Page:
Table of Contents
    Home / Crypto / Learn / 10 Crypto Scams in 2024
    Learn 12 min read
    3 scam symbols, one with a burst padlock, one with a gaming headset and devil horns, one with a loveheart
    10 Crypto scams in 2024 and how to avoid them

    Approximately 562 million people globally are thought to own crypto. And the ecosystem is growing – but so are crypto scams.

    For opportunists, this burgeoning industry is a honeypot waiting to be exploited. The amount of crypto stolen each year through crypto scams and hacks is on the rise, seeing a 53% year-over-year increase in 2023. The alarming trend underscores why you must be aware of crypto scammers, and understand the dynamics of how crypto scams work.

    In this article, we document the most common crypto scams in 2024 so you know what to look for and how to protect your crypto assets.

    Top 10 crypto scams 2024

    1. Fake crypto exhchanges and wallet apps
    2. Paypal Bitcoin invoice scam
    3. Crypto customer support scam
    4. Crypto romance scams
    5. Crypto pump and dump schemes
    6. Celebrity crypto shilling
    7. Fake giveawways
    8. Malicious smart contracts and token approvals
    9. Man in the middle (MITM) attacks
    10. Protocol hacks and exploits

     

    Fake crypto exchange and wallet apps

    Crypto ccammers target users using fake crypto exchanges, fake websites and sometimes fake crypto wallet apps. This is a type of phishing that relies on a legitimate-looking website or download button to con users into parting with their crypto

    For example, scammers might set up a fake crypto exchange, promising unrealistic returns or bonuses in exchange for a “sign-up fee.” Of course, there is no bonus, and the sign-up fee goes directly to the scammers who set up the site.

    Similarly, you may encounter a fake wallet app. The bogus interface requests your seed phrase or prompts you to send your crypto to your “new wallet”, which is just the scammer’s wallet. A great example is the fake Trezor wallet app, which appeared in the Apple App Store and pretends to be a popular crypto wallet. The scammers requested users to enter their credentials, including their seed phrase, which could give scammers access to user accounts.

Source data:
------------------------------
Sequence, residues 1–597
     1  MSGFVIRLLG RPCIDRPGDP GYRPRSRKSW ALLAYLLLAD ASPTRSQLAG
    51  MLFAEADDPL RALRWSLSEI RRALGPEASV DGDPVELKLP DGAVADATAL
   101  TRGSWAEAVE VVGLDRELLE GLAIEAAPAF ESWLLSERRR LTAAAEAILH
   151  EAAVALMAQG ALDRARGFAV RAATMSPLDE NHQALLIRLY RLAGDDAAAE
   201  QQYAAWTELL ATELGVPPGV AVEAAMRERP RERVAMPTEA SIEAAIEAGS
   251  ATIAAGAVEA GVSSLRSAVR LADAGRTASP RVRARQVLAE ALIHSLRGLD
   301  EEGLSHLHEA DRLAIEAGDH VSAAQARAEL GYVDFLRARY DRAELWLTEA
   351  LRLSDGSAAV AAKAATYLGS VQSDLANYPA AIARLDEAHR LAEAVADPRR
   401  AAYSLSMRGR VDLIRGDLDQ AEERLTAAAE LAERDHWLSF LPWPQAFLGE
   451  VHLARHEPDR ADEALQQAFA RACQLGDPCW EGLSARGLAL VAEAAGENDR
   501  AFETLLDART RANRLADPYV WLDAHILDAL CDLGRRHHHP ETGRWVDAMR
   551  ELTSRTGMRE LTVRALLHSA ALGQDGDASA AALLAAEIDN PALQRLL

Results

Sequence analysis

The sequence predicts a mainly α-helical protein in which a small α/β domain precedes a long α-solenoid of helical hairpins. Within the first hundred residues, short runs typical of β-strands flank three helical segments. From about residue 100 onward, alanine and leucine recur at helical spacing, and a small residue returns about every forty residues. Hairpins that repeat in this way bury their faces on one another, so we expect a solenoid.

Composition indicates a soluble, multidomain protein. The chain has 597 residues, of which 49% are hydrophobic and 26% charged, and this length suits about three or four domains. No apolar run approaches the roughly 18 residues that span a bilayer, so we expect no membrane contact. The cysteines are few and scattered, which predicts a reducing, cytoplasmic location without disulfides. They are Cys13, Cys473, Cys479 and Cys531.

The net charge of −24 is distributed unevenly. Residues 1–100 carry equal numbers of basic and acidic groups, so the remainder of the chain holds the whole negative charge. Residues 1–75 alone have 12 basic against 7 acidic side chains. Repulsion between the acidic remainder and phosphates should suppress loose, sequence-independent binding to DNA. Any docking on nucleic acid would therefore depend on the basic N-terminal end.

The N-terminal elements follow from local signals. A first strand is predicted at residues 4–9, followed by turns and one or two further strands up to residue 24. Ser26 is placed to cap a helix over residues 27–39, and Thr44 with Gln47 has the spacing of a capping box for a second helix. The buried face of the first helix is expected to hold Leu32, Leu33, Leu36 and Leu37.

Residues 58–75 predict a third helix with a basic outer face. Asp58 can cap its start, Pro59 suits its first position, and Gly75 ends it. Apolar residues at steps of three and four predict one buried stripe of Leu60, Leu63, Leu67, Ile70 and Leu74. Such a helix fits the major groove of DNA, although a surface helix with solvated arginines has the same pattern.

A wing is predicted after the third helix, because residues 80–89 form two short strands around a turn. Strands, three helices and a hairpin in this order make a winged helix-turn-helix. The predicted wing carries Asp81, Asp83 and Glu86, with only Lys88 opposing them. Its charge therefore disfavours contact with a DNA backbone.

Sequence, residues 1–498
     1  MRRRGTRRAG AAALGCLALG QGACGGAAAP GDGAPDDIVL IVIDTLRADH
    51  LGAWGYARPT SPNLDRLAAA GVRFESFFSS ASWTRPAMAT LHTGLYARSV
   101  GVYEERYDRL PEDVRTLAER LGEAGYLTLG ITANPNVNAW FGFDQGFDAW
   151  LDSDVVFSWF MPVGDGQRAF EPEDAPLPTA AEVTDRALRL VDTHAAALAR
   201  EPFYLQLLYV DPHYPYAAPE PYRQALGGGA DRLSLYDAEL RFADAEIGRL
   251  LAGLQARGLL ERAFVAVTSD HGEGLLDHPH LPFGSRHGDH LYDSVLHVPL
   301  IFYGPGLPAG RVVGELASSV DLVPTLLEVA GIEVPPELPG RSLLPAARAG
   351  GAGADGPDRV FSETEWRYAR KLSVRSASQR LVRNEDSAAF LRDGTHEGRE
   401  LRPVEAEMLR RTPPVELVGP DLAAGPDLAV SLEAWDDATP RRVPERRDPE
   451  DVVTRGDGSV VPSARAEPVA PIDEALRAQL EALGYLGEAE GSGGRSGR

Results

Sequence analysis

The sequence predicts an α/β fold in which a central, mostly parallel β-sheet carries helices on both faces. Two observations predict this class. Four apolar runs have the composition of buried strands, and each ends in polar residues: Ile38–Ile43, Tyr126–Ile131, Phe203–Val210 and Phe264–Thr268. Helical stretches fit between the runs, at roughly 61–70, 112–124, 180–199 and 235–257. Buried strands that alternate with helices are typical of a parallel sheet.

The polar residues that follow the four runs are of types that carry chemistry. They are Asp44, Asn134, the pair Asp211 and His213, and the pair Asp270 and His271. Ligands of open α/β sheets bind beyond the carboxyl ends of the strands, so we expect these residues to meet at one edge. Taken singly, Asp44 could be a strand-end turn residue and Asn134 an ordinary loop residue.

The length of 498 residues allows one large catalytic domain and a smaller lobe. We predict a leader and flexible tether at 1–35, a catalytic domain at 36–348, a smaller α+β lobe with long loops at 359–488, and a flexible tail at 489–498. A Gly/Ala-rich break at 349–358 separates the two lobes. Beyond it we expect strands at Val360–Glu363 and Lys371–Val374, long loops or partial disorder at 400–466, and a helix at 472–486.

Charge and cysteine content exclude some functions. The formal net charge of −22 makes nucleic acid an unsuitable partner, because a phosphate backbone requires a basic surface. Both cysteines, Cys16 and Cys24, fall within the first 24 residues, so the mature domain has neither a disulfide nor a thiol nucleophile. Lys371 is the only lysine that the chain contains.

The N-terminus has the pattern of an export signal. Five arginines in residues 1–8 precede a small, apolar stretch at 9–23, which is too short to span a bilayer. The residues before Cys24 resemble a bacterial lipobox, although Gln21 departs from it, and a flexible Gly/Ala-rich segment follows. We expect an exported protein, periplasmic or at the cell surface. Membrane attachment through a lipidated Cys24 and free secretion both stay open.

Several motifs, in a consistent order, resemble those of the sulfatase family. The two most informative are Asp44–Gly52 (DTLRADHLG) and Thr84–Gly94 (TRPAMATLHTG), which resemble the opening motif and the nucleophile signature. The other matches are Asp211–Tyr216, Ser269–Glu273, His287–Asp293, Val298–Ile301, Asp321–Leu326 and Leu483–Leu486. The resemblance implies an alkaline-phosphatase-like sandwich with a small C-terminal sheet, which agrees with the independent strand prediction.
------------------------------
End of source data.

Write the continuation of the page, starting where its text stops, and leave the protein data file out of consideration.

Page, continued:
How to avoid the scam

    Maintain skepticism towards too-good-to-be-true offers and verify the legitimacy of exchanges before you dive in. Check URLs and user reviews to verify that the platform is genuine. You should never be asked for any money to download a wallet or join an exchange. And remember: never share your Secret Recovery Phrase. Ever.

    PayPal Bitcoin scam

    Cryptocurrency scams tend to use existing brand names or relationships to establish a degree of trust with the victim and the Paypal Bticoin scam is a great example.

    It involves a third party sending fake invoices to your Paypal interface for Bitcoin you never purchased. They lure you into calling a number and then request remote access to your account to “resolve the issue.”

    Let’s use an example scenario. A PayPal user received an email with the platform’s logo claiming a Bitcoin purchase of $548.15 from Coinbase, a service they never used. The email, designed to create panic, offered a phone number to open a dispute, a classic tactic for getting victims to hand over critical account data. This set the stage for the malicious actor behind the scam to empty the victim’s account.

    How to avoid the scam

    Anyone can send an invoice on PayPal. The only way to verify your transactions is to log in to your account and check directly. If unsure, contact your account provider directly rather than using numbers from suspicious emails. Never give remote access or personal details over the phone.

    Fake customer support scam

    Fake customer support is a very convincing way to begin phishing scams. Here, scammers impersonate crypto customer support agents from NFT marketplaces or wallet providers. They might contact you through social media to discuss fake account issues. Behind the trusted guise of “customer service,” the scammers then deceive you into providing your recovery phrase or account credentials.

    For instance, a user received a link that appeared to be KuCoin’s customer service on Telegram, but it was a scam designed to steal information.

    Avoiding crypto customer support scams

    Always verify the legitimacy of customer support requests through official channels of your NFT or crypto marketplaces and never share private keys or click on suspicious links.

    Crypto romance scams

    Also known as pig butchering, crypto romance scams involve fraudsters creating fake identities on dating apps. From there, they select a target and build trust to exploit victims financially down the line. This often manifests as convincing them to invest in fraudulent cryptocurrency ventures.

    The FTC recently warned of crypto romance scams, citing it as one of the most common and lucrative approaches for scammers.

    Avoid getting scammed